“Honor is the good opinion of good people.” -Seneca a Roman 1st Century Poet
A couple of years ago, Ira Glass, the Host of This American Life, began his show by interviewing 3 High School freshman students.
Specifically interviewing them while they were posting a selfie on Instagram.
In a year with stiff competition, I can’t think of much that made me sadder than listening to this conversation.
These young women were describing the cloud of shame that they feel hovering over them constantly, and the ever shifting need for image management to respond to it.
Here’s an excerpt of the conversation:
Ira Glass: Another thing you don’t see if you don’t know this language of comments and commenting back– let’s say that you comment on somebody’s photo. When they comment back, do they comment to you individually? Or do they group you in with 20 or 30 other people and send just one big group comment back to all of you? That tells you where you stand with the person.
Then there are all those situations where somebody choosing not to comment is a really big deal. Like for example, if you post a picture of yourself with a friend and then the friend does not comment on that picture, that’s just cold…
You definitely feel insecure. Because, like, you expect them to comment, and they don’t, and you’re like, why?
Like, what if they’ve seen it and they’re just not liking it on purpose, or like, what if everybody who’s seeing it thinks that we’re not actually friends because they’re not commenting on it. They haven’t commented yet. It’s been X amount of time and they still haven’t liked it.
It’s this kind of shallow– like, why are you not responding to something that I never said you had to respond to in the first place?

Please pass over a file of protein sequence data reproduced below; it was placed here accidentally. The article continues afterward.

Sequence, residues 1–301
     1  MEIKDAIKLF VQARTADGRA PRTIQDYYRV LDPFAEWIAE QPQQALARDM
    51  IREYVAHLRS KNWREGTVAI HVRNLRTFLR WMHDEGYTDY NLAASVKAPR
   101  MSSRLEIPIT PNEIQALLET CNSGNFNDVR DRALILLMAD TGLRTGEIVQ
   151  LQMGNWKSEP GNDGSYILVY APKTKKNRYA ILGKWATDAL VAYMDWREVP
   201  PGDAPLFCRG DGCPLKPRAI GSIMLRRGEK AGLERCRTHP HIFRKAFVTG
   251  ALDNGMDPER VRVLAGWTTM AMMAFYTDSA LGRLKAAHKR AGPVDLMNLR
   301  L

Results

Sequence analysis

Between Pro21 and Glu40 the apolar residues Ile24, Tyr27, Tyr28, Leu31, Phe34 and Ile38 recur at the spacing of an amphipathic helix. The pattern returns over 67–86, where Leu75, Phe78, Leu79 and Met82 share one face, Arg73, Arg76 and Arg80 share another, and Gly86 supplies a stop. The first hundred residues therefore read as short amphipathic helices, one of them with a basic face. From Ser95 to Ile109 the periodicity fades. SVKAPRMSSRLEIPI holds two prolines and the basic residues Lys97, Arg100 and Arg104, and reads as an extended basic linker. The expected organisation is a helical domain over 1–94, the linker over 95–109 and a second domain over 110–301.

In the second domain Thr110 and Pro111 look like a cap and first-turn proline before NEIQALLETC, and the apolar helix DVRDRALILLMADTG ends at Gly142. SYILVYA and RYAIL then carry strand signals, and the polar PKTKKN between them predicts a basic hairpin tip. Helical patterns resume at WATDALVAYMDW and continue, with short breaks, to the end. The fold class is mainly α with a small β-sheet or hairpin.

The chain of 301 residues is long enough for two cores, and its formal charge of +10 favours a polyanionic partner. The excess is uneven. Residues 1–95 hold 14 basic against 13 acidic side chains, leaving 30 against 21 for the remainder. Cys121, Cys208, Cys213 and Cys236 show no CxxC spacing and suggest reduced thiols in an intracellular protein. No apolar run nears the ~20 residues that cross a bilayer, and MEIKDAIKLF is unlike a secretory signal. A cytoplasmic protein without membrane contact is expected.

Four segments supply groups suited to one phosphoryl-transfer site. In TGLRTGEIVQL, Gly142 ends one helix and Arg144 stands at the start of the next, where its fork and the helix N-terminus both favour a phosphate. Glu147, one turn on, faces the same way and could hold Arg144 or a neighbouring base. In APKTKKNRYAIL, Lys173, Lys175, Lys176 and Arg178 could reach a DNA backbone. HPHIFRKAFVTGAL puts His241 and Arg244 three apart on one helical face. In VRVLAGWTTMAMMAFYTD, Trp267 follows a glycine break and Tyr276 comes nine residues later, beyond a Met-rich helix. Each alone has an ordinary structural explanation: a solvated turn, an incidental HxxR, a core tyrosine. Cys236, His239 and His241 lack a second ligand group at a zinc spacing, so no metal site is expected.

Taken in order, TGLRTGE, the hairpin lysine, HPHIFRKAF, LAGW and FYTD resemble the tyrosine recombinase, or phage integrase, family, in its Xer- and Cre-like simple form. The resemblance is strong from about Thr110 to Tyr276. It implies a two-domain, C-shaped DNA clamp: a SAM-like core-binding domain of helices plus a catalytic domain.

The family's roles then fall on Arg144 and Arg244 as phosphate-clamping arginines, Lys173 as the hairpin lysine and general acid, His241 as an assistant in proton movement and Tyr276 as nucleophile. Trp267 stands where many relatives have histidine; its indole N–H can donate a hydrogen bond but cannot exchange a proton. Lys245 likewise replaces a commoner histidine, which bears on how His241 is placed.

There’s definitely a weird psychology to it.
The next time you post a Tweet, or a status update, or a picture on Instagram or Snapchat, consider asking yourself, “Why am I really doing this?”
Finding The Self in the Selfie
Nothing has made me slow down my embrace of social media as much as realizing how much of what I was doing was just to develop a public persona that had only a casual relationship with reality.
In truth, I was only posting (and enhancing) the highlights of my life, carefully curated from a variety of experiences for making people think a certain way about me.
And what’s worse, I was good at it. So good that I was starting to confuse the Facebook/Instagram “me” with the real one. I was more and more connected to the crowd, and finding myself more and more lonely with my real self.
Did you ever wonder why we do we do this?
Last year in the New York Times, the Columnist David Brooks wrote about what he called “The Shame Culture” that has developed with the advent of Social Media.
Interestingly enough, Brooks said that social media has been, not so much, a revolution as a rediscovery of what the ancient and developing world already knows.
Tribalism and group loyalty are powerful forces that can be used for both good and evil.
Here’s the way Brooks described it:
“The omnipresence of social media has created a new sort of shame culture. The world of Facebook, Instagram and the rest is a world of constant display and observation. The desire to be embraced and praised by the community is intense. People dread being exiled and condemned. Moral life is not built on the continuum of right and wrong; it’s built on the continuum of inclusion and exclusion.
This creates a set of common behavior patterns. First, members of a group lavish one another with praise so that they themselves might be accepted and praised in turn.
Second, there are nonetheless enforcers within the group who build their personal power and reputation by policing the group and condemning those who break the group code. Social media can be vicious to those who don’t fit in. Twitter can erupt in instant ridicule for anyone who stumbles.
Third, people are extremely anxious that their group might be condemned or denigrated. They demand instant respect and recognition for their group. They feel some moral wrong has been perpetrated when their group has been disrespected, and react with the most violent intensity.